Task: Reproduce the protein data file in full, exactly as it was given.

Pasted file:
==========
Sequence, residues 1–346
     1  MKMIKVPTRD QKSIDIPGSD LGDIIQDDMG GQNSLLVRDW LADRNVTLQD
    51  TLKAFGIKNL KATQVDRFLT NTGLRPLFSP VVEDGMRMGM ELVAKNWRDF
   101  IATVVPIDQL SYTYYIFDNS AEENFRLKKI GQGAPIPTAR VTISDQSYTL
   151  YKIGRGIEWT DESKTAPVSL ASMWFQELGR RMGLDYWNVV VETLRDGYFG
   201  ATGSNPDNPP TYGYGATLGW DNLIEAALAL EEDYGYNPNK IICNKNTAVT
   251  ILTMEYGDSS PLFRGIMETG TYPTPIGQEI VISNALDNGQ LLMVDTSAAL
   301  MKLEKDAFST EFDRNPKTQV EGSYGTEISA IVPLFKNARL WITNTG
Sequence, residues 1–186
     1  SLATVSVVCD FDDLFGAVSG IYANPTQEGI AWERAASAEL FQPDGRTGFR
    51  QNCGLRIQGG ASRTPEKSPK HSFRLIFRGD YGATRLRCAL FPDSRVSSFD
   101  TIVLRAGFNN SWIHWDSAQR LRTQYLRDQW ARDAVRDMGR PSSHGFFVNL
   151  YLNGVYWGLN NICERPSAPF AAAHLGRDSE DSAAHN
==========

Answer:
Sequence, residues 1–346
     1  MKMIKVPTRD QKSIDIPGSD LGDIIQDDMG GQNSLLVRDW LADRNVTLQD
    51  TLKAFGIKNL KATQVDRFLT NTGLRPLFSP VVEDGMRMGM ELVAKNWRDF
   101  IATVVPIDQL SYTYYIFDNS AEENFRLKKI GQGAPIPTAR VTISDQSYTL
   151  YKIGRGIEWT DESKTAPVSL ASMWFQELGR RMGLDYWNVV VETLRDGYFG
   201  ATGSNPDNPP TYGYGATLGW DNLIEAALAL EEDYGYNPNK IICNKNTAVT
   251  ILTMEYGDSS PLFRGIMETG TYPTPIGQEI VISNALDNGQ LLMVDTSAAL
   301  MKLEKDAFST EFDRNPKTQV EGSYGTEISA IVPLFKNARL WITNTG
Sequence, residues 1–186
     1  SLATVSVVCD FDDLFGAVSG IYANPTQEGI AWERAASAEL FQPDGRTGFR
    51  QNCGLRIQGG ASRTPEKSPK HSFRLIFRGD YGATRLRCAL FPDSRVSSFD
   101  TIVLRAGFNN SWIHWDSAQR LRTQYLRDQW ARDAVRDMGR PSSHGFFVNL
   151  YLNGVYWGLN NICERPSAPF AAAHLGRDSE DSAAHN